Long-term strategy key to successful e-mail marketing campaigns

The 'buzz' we're getting from e-mail marketing is fueled by promise of quick results. As marketers, we're seduced by the availability of real-time tracking and instant feedback. E-mail marketing is also compelling for its innovative and cost-effective nature. We've all bought into the extravagant promises promoted by e-mail marketers because of our need to believe in marketing's latest 'silver bullet.'

The ‘buzz’ we’re getting from e-mail marketing is fueled by promise of quick results. As marketers, we’re seduced by the availability of real-time tracking and instant feedback. E-mail marketing is also compelling for its innovative and cost-effective nature. We’ve all bought into the extravagant promises promoted by e-mail marketers because of our need to believe in marketing’s latest ‘silver bullet.’

Calm down. Forget the hype for a second, and get back to basics. The simple fact is that a strategic, long-term approach to e-mail marketing is more likely to out-perform any one-off shotgun campaign. Like the ‘buy and hold’ strategies recommended by prudent investment professionals, a sound e-mail marketing strategy requires patience, discipline and a willingness to think long-term. Here’s a brief five-step process that we employ at MethodMail:

1. Define your objectives

2. Plan your strategy

3. Test, test & re-test

4. Analyze

5. Refine

Defining objectives

The allure of using e-mail marketing to produce fast results can be overwhelming, often to the detriment of the results themselves. Don’t succumb to the pressure!

It’s no coincidence that many companies who approach us have time-sensitive projects that ‘must get out this week.’ Stop. Take a deep breath. Step back. Regroup. Now, decide what you really hope to accomplish – explicitly. Is your goal to build your in-house list and generate leads? Is it to generate sales from the e-mail itself? Maybe you want to research customer preferences and habits. Or are you just looking to enhance customer relationships between purchases with a newsletter? These are necessary discussion points before embarking on any e-mail campaign.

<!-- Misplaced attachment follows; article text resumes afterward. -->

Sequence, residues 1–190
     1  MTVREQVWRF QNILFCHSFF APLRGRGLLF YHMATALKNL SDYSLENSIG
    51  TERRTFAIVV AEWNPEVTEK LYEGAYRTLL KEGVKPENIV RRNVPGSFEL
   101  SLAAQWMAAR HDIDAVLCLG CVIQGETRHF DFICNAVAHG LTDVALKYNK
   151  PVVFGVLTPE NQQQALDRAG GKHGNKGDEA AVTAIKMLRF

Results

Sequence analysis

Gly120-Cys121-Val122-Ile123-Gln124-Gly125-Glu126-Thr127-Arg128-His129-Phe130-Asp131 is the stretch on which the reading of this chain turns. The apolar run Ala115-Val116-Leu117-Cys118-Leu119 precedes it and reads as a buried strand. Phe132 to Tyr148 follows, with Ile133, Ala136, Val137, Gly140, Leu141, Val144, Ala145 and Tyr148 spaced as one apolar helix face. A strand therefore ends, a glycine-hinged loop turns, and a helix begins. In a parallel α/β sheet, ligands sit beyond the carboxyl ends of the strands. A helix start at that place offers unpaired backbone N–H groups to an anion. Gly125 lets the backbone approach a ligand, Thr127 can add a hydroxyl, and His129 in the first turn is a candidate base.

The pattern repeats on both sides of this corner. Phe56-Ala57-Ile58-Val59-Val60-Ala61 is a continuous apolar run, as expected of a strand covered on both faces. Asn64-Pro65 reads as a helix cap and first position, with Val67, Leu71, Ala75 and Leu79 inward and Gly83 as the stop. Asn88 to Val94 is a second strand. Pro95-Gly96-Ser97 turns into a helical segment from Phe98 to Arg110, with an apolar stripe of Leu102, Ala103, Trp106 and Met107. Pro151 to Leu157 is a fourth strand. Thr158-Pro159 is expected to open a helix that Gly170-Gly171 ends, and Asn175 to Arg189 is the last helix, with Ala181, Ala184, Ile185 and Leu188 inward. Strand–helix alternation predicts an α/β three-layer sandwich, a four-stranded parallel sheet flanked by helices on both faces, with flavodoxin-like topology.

Planning strategy

It’s very easy to base one particular e-mail transmission on a single objective and call that a strategy. However, to reap the rewards of e-mail marketing on a consistent basis, there needs to be a long-term plan in place. Where do you need to be in the next three, six or 12 months? It’s surprising how often the short-term objectives change based on the longer-term vision.

In some cases, clients want transmissions to perform multiple tasks, some of which may be in conflict with each other. This myopic strategy is a recipe for failure.

The long-term strategy dictates how each individual transmission is an integral part of a larger vision. This approach takes the pressure off any one message to achieve more than a single objective – each individual piece becomes laser-focused – and the results generally reflect that focus.

Test, test & re-test

In traditional marketing circles, testing is an integral component to successful campaigns. Despite the lower price tag of e-mail marketing, testing is every bit as critical. Multiple creative elements can be tested easily against different customer segments, various offers, subject lines and even transmission times. For marketers, the immediate feedback allows them to assess and modify, without serious interruption to the campaign’s timeline.

Analyze

Let me clarify the terms measurement and analysis. Much of what is talked about in terms of performance and metrics is purely about measurement – the mechanical process of tracking and aggregating results into a condensed summary. Measurement covers metrics such as open/read rates, click-through rates, conversion rates, unsubscribes, bounces, etc. While these metrics are a critical component in determining the success or failure of an e-mail campaign, they are not the only factors.

In order to make truly successful e-mail campaigns, we must look beyond hard metrics and search for meaningful insight. This insight does not, as we’ve been lead to believe, come from any off-the-shelf software package. It comes from the analytical brains of seasoned professionals who have the experience and the expertise to transform data into insight, and insight into actionable recommendations specific to each campaign.

Refine

As good a marketing vehicle as e-mail marketing is for immediate feedback and performance measurement, it still requires that marketers learn from their experiences and then put that knowledge into practice for the next campaign.

In the final analysis, e-mail marketing is not some fix-it-all wonder technology. Like the other marketing tools in your bag, it has its own built-in set of limitations and opportunities – creative, technical, budgetary and otherwise. The challenge for today’s savvy marketing executive is to fully understand what it does best, and how to use it in combination with other marketing tools to achieve a successful, long-term marketing and communications strategy.

E-mail marketing

common mistakes

* lack of customization

* ‘who cares/why are you telling me this’ content

* difficult to opt out

* poor formatting

* over-frequency

* doing it on the cheap

(no personalization,

sloppy writing, poor design)

Source: Ariad Custom Communications

Calgary-based Mike Allan is lead strategist for MethodMail, a division of RareMethod Capital. He can be reached at mike@methodmail.net or (403) 543-4500 Ext. 303.